Students and teacher speak out for LESS TESTING, MORE LEARNING!

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The Massachusetts Department of Elementary and Secondary Education held a hearing on PARCC and the use of standardized assessments in public education across the state. Students, teachers, parents, community members, and public education advocates showed up in force to voice their opposition to the use of PARCC and MCAS in graduation requirements and teacher evaluations. BSAC student Rebecca Holland and Boston Arts Academy teacher Cassandra Wallace shared with DESE and BEJA the following testimony:

My name is Rebecca Holland and I'm here representing BSAC an I'm a student at Boston Latin Academy. I'm here to testify against the new PARCC test. The test is damaging. Teachers have to waste time to teach to the test instead of actually blocking out time to teach the necessary curriculum for their students. 

I'm anti PARCC and anti standardized testing in general. These tests are damaging. They put teachers jobs at risk by being tired to their evaluations, they create a high level of anxiety within classrooms as the testing date approaches, and do not prove that any student is "college ready." Many students can be great students and achieve stellar grades BUT just happen to be poor standardized test takers. 

This test is just another money maker for its company. These tests disenfranchise students and make them feel less than what they are when they get poor scores. As many of you know these tests are broken up into multiple parts at times, where there is an A, B, and C. And if a student were to mess up part A they're more likely to get parts B and C wrong. When this happens the student will get a poor score and the test company will report back to the school that that student should take ANOTHER test to prove their "college readiness" worth. 

As someone had mentioned earlier at the start of a meeting with the story feeling overwhelming anxiety I think that just goes to show how much pressure our students are under in order to perform well on these exams. It's gotten so bad that there are actually directions in test booklets that instruct proctors what to do if a student were to get sick and vomit on their test. How have we gotten to this point that we actually need to dedicate a section of directions for this? 

As BSAC and YOUNG we demand that high stakes testing is not used as a graduation requirement, that it not be tied to teacher evaluations, that it not be tied to school rankings, and that it only be administered once in elementary, middle and high school.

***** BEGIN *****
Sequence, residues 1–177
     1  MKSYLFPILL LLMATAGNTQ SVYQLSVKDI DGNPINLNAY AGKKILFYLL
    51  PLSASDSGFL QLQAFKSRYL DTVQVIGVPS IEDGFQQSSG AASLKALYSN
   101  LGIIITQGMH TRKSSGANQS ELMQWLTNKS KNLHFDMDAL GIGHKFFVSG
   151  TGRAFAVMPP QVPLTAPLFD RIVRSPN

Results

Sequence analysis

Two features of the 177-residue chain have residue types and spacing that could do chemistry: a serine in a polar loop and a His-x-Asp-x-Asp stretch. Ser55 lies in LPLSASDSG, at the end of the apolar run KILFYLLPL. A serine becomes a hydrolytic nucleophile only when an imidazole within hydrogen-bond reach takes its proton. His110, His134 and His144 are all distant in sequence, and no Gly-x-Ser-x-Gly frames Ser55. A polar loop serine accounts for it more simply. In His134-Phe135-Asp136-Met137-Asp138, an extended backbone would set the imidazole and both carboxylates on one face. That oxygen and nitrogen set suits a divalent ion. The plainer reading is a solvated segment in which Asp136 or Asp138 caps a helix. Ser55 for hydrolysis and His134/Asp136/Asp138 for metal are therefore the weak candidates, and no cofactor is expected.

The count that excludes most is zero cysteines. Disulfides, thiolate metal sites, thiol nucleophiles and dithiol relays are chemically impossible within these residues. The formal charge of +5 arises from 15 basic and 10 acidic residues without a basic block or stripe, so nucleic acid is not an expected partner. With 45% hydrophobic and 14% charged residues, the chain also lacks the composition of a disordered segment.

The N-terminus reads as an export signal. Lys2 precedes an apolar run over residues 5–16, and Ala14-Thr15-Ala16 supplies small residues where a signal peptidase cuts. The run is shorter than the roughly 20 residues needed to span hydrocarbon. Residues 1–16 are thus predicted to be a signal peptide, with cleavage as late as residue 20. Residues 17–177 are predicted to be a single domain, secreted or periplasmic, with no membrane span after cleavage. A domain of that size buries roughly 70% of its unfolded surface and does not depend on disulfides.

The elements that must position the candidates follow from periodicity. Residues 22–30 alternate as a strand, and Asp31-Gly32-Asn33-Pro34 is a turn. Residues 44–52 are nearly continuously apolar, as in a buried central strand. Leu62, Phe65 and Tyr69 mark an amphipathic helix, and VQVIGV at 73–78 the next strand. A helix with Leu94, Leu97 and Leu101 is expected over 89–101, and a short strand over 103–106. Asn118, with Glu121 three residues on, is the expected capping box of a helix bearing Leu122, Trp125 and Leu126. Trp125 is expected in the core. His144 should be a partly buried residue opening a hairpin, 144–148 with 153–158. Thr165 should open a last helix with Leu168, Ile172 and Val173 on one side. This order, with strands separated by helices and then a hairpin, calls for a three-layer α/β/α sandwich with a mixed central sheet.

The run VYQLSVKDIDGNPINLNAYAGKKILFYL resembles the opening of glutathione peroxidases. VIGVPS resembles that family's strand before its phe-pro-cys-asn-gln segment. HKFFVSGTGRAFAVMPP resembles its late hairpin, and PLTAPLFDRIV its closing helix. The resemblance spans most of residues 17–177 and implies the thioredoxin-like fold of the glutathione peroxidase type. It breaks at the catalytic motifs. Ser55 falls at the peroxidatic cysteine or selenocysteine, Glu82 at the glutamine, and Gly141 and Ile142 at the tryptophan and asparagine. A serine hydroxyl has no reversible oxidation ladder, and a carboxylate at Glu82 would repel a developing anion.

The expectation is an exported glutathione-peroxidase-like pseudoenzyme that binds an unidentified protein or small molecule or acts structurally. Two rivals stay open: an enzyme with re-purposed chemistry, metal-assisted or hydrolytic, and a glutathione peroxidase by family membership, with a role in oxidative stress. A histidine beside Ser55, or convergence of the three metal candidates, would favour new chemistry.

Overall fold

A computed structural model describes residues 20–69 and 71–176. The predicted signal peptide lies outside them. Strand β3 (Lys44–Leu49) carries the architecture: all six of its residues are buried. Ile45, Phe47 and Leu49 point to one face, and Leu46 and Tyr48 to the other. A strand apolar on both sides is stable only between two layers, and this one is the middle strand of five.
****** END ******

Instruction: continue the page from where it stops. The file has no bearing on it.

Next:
Thank you for the opportunity to speak.

Good evening.  
My name is Cassandra Wallace, and I am a math and physics teacher at the Boston Arts Academy.

In recent years, public education policy has dictated that we measure the success of students, teachers, and their schools through high-stakes standardized tests, beginning with the MCAS. Now it seems that the Massachusetts Board of Elementary and Secondary Education is leaning toward adopting a new test, the PARCC, and you are here to ask us which one is better. Well, I choose C - none of the above, because I reject the notion that any one test can give an accurate picture of the quality of our students’ education.

One of the things I am most proud of at the Boston Arts Academy is our capstone project - the senior grant project. All of our students must identify an issue in their community and come up with a creative project idea using their arts and academic training to address the problem. Our students must write a grant proposal and present their ideas to community judges, who come from various professions. It is through this project that I know our students are not just college and career ready but also collaborative innovators. This is also how the community holds our students as well as our educators accountable for their progress and learning.

However, our scores on the MCAS designate us as a Level 3 school, which means we are in the “lowest performing 20% of schools.” This ranking is almost entirely based on the 3 MCAS tests our students take - in Engineering, Math, & ELA. The fact that our students spend a third of their time in arts classes, completing a full arts program in addition to their academic coursework, is completely disregarded. Our school is currently ranked in the 19th %ile, meaning if a few other schools do a little worse than we do this year, we might get bumped up to Level 1!

Which brings me to my main point - which is that whatever test you use, whether PARCC or MCAS, as long as your accountability system is based on rankings, there will always be a bottom 20%. Even if ALL schools across the Commonwealth improve tenfold, there would still be a bottom 20% - because that’s how math works. Our students and schools should not be racing to the top, because it pits schools against each other competing for already insubstantial resources, instead of working collectively to improve education.

If you actually wanted to improve schools, you would be talking about curriculum and instruction, inequitable distribution of dwindling resources, high teacher turnover rates, recruiting and retaining teachers of color, culturally competent classrooms, unjust school discipline policies, poverty, and the perpetuation of racially segregated schools.

So, I say NO to MCAS. I say NO to PARCC.

I say: Less Testing, More Learning, because we can do better for our students.

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